• Arthur West, an Olympia cannabis activist, opposed amnesty efforts and said the bill confronts WSLCB’s “gotcha mentality” but its changes diminish the “bright line standard” between good and bad actors in the industry (audio – 2m, video).
    • Seth Dawson, lobbyist for the Washington Association for Substance Abuse and Violence Prevention (WASAVP), testified “other” saying he liked WSLCB’s results around enforcement—particularly minimizing sales to youth—and that stakeholder consensus on the proposed changes was also important (audio – 1m, video).
  • The Committee hosted a public hearing for HB 1236, “Concerning the ability of business and nonprofit entities to obtain a marijuana license.”
    • Peter Clodfelter outlined the basics of the bill (audio – 1m, video). From the House bill analysis:
      • Eliminates the six-month residency requirement for marijuana licenses.
      • Authorizes out-of-state ownership of licensed marijuana businesses, subject to restrictions.
      • Requires out-of-state businesses to be registered with the Secretary of State to qualify for a marijuana license.
      • Requires natural persons owning more than 10 percent of the business to qualify for and be named on the license.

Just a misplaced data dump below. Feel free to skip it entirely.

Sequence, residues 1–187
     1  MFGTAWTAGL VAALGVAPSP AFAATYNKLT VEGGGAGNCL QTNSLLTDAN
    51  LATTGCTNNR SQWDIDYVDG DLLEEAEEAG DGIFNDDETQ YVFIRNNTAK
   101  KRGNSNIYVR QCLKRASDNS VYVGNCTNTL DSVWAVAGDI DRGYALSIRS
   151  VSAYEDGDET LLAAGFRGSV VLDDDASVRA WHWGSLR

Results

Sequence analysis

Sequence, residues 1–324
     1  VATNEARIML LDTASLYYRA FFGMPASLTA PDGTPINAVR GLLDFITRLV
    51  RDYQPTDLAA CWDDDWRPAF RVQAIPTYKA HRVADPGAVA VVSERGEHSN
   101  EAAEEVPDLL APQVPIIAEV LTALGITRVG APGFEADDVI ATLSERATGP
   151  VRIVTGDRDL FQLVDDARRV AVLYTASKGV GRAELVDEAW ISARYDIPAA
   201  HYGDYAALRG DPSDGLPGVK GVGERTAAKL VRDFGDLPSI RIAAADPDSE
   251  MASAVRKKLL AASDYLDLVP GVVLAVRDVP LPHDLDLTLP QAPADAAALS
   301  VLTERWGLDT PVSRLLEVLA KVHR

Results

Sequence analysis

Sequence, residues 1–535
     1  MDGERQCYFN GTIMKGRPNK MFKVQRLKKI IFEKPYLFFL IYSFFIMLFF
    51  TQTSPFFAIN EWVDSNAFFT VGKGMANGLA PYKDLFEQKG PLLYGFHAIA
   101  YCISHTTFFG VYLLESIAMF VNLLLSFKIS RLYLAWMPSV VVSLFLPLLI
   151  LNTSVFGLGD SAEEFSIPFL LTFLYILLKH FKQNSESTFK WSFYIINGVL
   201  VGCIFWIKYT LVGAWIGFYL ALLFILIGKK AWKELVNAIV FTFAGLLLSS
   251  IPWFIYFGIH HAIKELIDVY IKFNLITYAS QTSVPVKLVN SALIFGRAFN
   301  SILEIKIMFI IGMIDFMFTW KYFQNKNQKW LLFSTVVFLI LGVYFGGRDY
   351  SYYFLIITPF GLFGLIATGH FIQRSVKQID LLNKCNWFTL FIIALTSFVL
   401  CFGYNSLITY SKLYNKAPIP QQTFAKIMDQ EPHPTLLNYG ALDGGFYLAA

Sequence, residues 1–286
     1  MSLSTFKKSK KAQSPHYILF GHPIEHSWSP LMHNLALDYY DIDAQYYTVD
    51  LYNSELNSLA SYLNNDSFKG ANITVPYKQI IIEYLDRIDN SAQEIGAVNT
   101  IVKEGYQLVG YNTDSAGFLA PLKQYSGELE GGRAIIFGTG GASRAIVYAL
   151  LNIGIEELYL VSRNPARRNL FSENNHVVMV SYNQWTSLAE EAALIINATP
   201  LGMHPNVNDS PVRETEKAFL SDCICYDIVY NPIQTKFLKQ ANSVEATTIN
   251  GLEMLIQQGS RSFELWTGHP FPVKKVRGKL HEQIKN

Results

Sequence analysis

• Requires officers and directors to qualify for the license to the same extent as a licensee.
      • Provides that, generally, natural persons owning 10 percent or less of the business are not required to qualify for or be named on the license.
      • Authorizes the Liquor and Cannabis Board (LCB) to impose additional licensing fees to recover investigatory costs.
      • Grants the LCB discretionary authority to deny license issuances and renewals when the LCB is unable to investigate any nonresident requiring investigation.
    • Committee Chair Derek Stanford was HB 1236’s sponsor; he said the bill dealt with important questions facing the industry (audio – 1m, video).
    • Vicki Christophersen said WACA “strongly” supported the bill because the industry needed access to capital that out of state investors could offer (audio – 2m, video).